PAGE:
Rend Lake is located between Mt. Vernon and Benton, just off Interstate 57.

The U.S. Army Corps of Engineers created Rend Lake in 1965 by damming the Big Muddy River to control flooding as well as to conserve wildlife. The result is a 40,000-acre complex including the 19,000-acre lake with a 5,000-acre waterfowl refuge at the north end. Surrounding the lake are 162 miles of shoreline with 21,000 acres of public land.

These lands contain woods including a 1,000-acre sycamore/maple forest as well as moist soil units and mudflats with water levels that change depending on the season and man-made manipulation.
The mudflats and moist soil units provide migratory habitat for nearly all the shorebirds documented in Illinois as well as copious wading birds.

Since Rend Lake is on some of the flattest land in southern Illinois, not much of a drop in the lake is needed before an open area of mudflats is created. A one-inch drop in the water level can expose acres of new flats, prime habitat for shorebirds.

Ornithological Summary

Thirty-five species of shorebirds including the Buff-breasted Sandpiper and the rare Hudsonian Godwit, American Avocet, Red Knot and Red-necked Phalarope have been documented at Rend Lake. In addition, large numbers of more common shorebird species such as Pectoral, Least and Semipalmated Sandpipers and yellowlegs use the mudflats here. Several thousand shorebirds can be seen in one day at the Ward Branch as well as at the Nason Wildlife Refuge, both within Rend Lake. The Nason Wildlife Refuge also provides habitat for Bald and Golden Eagles, Peregrine Falcon and copious numbers of Ross's Goose, Greater White-fronted Goose and American White Pelican during migration.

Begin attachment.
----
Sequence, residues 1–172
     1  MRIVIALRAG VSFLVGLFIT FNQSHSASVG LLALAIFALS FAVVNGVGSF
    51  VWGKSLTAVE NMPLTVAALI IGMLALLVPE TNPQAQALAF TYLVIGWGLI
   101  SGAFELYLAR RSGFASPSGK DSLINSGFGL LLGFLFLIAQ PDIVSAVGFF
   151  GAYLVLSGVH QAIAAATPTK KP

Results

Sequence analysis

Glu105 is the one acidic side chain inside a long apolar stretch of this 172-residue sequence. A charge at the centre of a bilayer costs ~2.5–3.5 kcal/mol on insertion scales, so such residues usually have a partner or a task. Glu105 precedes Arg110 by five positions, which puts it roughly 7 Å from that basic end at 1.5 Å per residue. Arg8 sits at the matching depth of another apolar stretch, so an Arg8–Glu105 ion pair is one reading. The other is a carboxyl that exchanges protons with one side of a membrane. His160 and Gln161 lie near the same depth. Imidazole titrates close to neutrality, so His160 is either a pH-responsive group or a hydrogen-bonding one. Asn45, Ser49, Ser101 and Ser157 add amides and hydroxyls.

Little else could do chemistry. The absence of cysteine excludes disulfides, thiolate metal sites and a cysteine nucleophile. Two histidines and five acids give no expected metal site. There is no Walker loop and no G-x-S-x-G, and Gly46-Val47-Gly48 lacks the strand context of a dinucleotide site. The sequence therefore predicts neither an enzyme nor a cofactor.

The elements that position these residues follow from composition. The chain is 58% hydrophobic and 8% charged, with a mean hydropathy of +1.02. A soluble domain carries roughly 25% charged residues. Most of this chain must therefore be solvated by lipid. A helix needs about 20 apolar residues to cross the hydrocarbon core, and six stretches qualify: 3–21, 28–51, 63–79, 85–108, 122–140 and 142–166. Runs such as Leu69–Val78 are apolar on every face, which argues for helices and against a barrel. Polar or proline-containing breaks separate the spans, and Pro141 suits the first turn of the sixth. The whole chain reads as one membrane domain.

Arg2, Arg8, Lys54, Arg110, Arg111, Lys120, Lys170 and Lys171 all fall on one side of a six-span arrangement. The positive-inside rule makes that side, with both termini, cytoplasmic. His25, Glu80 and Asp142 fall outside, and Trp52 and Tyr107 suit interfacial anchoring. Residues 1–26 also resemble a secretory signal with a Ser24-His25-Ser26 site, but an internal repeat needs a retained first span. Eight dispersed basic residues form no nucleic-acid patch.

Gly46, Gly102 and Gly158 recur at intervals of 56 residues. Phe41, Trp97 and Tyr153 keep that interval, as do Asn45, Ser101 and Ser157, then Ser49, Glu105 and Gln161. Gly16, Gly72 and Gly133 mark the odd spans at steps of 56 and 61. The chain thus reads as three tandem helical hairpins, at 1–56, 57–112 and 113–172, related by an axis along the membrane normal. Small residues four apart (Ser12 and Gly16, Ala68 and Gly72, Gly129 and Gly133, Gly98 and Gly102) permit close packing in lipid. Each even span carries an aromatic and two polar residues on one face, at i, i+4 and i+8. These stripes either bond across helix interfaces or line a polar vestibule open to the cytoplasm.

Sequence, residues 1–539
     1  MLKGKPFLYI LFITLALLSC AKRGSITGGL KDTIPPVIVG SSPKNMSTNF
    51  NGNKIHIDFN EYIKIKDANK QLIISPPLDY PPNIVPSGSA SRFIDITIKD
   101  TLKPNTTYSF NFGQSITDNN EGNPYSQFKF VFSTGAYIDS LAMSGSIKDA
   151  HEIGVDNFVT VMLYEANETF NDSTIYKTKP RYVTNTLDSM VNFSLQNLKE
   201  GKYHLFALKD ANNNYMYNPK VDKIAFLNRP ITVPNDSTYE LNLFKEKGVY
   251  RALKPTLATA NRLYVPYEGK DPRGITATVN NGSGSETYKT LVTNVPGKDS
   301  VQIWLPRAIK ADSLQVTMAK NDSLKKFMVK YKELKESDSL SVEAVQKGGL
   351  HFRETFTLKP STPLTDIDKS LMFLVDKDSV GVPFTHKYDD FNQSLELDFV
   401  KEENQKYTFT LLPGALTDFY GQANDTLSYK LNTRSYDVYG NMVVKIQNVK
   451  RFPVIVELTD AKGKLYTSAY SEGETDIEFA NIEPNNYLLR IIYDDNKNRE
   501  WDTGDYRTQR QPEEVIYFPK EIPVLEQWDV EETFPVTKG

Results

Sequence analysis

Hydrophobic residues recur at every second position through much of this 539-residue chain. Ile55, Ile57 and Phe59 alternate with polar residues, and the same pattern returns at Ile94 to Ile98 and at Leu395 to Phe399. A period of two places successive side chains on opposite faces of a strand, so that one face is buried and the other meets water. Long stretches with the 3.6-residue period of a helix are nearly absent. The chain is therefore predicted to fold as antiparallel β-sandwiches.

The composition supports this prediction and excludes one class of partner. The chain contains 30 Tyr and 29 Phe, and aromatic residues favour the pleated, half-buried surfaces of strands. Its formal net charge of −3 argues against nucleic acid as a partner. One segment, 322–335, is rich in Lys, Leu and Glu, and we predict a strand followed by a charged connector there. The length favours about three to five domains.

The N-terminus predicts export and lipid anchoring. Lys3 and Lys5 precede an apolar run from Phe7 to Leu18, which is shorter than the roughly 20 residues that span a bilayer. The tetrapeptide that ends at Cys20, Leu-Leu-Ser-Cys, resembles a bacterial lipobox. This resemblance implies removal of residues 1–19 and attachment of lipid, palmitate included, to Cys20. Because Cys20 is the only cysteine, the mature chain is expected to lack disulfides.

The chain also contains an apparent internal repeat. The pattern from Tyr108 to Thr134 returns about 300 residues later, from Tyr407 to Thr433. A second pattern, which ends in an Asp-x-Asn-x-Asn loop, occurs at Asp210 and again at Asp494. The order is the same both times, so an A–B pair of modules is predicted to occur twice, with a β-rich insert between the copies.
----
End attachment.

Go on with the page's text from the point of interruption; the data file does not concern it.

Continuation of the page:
Waterfowl also find refuge at Rend Lake. Snow Geese in the tens of thousand use the lake as a stopover and sometimes wintering site. They feed along with other waterfowl in surrouding food plantings provided by the state as well as spilled grain from private landowners.

In late fall and early winter, as many as 30,000 Mallards, 3,000 Ring-necked Ducks, 1,300 Canvasbacks and 500 Gadwall have been counted at Rend Lake in a single day. In spring, observers have seen 500 Northern Shoevelers and 250 Redheads in one day.

Shallower water areas around the lake, especially at the north end offer feeding habitat for various waders including Great Egret, Little Blue Heron, Great Blue Heron and occasionally the rare Glossy Ibis.

Tens of thousands of neotropical migrants as well as hundreds of thousands of passerines, especially swallows, use the lake and surrounding lands for feeding and resting during migration.

Rend Lake is significant because most shorebird species in the world are declining in numbers and some are even becoming endangered or extinct. Habitat loss is one of the main reasons for this decline. Providing habitat for shorebirds at places like Rend Lake is one key to their recovery.

This site met the criteria as an IBA for congregations of waterfowl.

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